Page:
And I, I really tried to be inclusive in what I’m sharing both about my own story. But then, so the memoir piece is probably 25% of the content, and then I bring my journalistic kind of mind and skills to the rest of the information I’m presenting. It’s heavily researched book and really seeks to join previously kind of disparate dots I suppose, in terms of our story as women, ultimately. 

Nancy: Yeah. And I love, there is of course a distinction between child-less and child-free. And I also appreciate the way that you approach the affirmative no, as an orientation as opposed to a choice or a decision.

And certainly it is those things, it can be those things, but I like the way that you presented it sort of in terms of sexual orientation. I really appreciated that. 

Ruby: Yeah. It felt a little edgy in a way. 

Nancy: It is. But it’s also, I think what it does is, for me, I wanna say like it makes it easier, but it, that’s not really what it is. Maybe it makes me feel like I don’t know if i really have to defend anything because this just is, it just is how I am.

Ruby: Yeah. I’ve even been playing with the term since the book has come out a-reproductive the same way some people determine as self-determined as asexual, just a reproductive. I just never had the urge. It just hasn’t ever been physically, psychologically something that I have felt any pull towards. Not that I didn’t try and sort of talk myself out of this orientation because of the expectations of the wider society. Yeah.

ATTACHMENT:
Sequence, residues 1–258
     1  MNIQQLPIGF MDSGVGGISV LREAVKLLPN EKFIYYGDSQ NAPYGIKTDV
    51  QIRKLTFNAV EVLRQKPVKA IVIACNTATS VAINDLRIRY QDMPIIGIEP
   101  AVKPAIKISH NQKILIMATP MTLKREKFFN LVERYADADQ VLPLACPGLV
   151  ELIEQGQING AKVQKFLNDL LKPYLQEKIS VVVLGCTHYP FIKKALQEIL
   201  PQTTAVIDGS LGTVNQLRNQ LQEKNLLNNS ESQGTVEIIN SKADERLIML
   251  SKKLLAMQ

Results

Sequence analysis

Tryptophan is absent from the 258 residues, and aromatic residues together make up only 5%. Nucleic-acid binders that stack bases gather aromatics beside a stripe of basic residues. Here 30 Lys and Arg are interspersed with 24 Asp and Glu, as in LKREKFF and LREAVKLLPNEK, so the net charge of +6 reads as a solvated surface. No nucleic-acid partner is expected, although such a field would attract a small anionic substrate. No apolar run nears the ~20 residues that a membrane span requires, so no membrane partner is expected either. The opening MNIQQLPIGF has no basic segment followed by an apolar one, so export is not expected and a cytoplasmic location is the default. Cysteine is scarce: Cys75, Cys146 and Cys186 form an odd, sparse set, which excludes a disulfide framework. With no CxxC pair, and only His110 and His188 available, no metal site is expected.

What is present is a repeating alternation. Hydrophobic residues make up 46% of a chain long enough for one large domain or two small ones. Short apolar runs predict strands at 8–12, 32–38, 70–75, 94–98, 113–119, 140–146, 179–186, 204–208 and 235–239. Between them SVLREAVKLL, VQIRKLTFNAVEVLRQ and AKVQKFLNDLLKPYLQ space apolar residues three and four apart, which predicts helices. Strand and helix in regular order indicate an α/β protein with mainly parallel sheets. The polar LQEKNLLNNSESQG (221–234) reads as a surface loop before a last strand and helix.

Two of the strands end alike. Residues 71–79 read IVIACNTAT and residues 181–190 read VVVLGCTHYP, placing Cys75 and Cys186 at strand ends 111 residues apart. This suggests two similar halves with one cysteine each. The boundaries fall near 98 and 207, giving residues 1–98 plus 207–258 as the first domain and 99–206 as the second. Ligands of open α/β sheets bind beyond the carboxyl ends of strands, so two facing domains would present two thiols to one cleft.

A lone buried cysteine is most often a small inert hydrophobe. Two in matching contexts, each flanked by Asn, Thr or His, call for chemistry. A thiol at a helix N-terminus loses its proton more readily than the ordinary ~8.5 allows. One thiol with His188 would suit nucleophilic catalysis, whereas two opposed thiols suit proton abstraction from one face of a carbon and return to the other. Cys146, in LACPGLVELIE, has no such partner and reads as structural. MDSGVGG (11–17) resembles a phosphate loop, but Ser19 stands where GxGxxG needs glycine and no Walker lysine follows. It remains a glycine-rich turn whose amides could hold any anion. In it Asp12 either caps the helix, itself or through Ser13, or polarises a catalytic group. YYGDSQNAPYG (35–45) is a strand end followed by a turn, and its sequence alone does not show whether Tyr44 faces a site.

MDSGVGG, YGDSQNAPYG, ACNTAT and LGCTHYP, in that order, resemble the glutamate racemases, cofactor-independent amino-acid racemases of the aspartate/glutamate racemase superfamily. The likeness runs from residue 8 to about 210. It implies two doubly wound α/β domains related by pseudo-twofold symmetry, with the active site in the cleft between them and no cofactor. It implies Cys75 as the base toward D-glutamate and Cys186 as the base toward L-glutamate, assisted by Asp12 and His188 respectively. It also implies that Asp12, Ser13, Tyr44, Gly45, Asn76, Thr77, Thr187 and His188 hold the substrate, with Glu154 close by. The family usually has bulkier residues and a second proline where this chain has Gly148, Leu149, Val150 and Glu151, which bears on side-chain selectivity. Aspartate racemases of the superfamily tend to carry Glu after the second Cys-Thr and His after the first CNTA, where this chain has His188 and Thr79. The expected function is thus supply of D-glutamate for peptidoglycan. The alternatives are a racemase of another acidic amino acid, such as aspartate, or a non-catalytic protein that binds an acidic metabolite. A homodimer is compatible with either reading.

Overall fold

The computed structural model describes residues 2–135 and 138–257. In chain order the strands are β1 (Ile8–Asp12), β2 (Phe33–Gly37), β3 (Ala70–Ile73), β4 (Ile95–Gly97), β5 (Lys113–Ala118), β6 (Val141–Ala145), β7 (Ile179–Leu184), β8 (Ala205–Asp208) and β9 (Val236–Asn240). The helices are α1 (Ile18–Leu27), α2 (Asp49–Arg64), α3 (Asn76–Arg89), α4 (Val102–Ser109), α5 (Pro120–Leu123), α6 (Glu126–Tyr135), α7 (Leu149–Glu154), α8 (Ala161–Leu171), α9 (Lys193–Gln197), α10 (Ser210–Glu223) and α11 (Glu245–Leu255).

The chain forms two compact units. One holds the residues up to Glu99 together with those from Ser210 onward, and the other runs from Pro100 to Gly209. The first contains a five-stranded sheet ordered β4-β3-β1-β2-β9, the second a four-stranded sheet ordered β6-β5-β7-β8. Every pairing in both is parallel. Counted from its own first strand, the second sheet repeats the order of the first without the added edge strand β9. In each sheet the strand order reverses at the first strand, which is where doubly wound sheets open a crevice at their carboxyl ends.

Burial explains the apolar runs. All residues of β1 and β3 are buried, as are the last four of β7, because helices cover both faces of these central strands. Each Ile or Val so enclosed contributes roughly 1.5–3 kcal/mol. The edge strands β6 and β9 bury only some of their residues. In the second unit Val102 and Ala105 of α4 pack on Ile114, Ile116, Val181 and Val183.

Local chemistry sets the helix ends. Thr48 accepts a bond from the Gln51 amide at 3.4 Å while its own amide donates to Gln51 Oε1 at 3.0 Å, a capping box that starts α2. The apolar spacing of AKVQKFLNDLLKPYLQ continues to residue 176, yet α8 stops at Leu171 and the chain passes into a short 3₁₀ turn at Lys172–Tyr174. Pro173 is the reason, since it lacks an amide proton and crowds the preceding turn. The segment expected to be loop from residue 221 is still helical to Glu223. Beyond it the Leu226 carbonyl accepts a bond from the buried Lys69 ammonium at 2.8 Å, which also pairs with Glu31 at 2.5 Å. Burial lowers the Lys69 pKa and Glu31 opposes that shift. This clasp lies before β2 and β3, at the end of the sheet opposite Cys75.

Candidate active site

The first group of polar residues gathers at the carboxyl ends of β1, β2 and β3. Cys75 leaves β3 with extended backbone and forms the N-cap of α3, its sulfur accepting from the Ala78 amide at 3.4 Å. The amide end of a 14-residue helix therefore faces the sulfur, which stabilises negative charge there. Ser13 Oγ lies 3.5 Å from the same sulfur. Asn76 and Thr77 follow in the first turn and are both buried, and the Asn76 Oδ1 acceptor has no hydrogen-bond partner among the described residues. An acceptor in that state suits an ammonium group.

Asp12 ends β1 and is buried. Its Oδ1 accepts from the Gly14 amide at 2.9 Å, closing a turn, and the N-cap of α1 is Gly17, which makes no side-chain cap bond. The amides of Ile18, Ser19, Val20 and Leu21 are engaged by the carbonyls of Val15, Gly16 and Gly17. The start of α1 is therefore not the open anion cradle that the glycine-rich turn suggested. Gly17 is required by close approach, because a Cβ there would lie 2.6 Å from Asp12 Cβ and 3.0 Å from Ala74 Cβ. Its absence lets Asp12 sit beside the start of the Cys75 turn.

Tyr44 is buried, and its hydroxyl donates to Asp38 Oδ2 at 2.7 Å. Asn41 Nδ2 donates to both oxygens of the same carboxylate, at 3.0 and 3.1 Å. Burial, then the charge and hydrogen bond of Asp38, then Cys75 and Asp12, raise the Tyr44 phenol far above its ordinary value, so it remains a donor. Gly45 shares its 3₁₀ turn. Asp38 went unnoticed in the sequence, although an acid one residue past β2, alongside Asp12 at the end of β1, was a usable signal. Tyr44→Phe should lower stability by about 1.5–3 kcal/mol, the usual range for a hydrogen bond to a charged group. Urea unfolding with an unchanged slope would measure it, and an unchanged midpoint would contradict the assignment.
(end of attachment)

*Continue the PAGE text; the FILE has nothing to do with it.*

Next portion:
Nancy: Interesting. I absolutely wanna talk about what you originally wanted to call the book because yes. So you originally, your working title was Selfish Cunts. 

Ruby: It was, yes. 

Nancy: I love it. I love it. And I get why it wasn’t the right title. 

Ruby: Yeah. Right. From a marketing perspective, I think it would’ve been a very hard sell. I think it would’ve seriously limited the audience because the word cunt is so reviled. 

Many people find it highly offensive or very triggered by it. And I just think, again, there’s a, a section where I talk about why that is to me, that just anything that is so taboo just tells me there’s a ton of shadow work to be done. 

Nancy: Absolutely true. 

Ruby: A ton of repressed anger, fear, emotion, violence that has just still not been processed individually and as a society. So yeah, the, the title kind of dropped in really, really quickly simultaneously with me deciding that I, I was interested in writing a book on this subject and it came from the place of just realizing in my kind of early mid forties that like you, I had no regrets about not having done this thing that I felt incredible gratitude that I lived, had been born in an era and in a country where I did get to choose how I lived my life, where I got to pursue the education I wanted, the kind of career I wanted and just to really live my life and plan my days in a way that suited me and and allow me to really enjoy my life.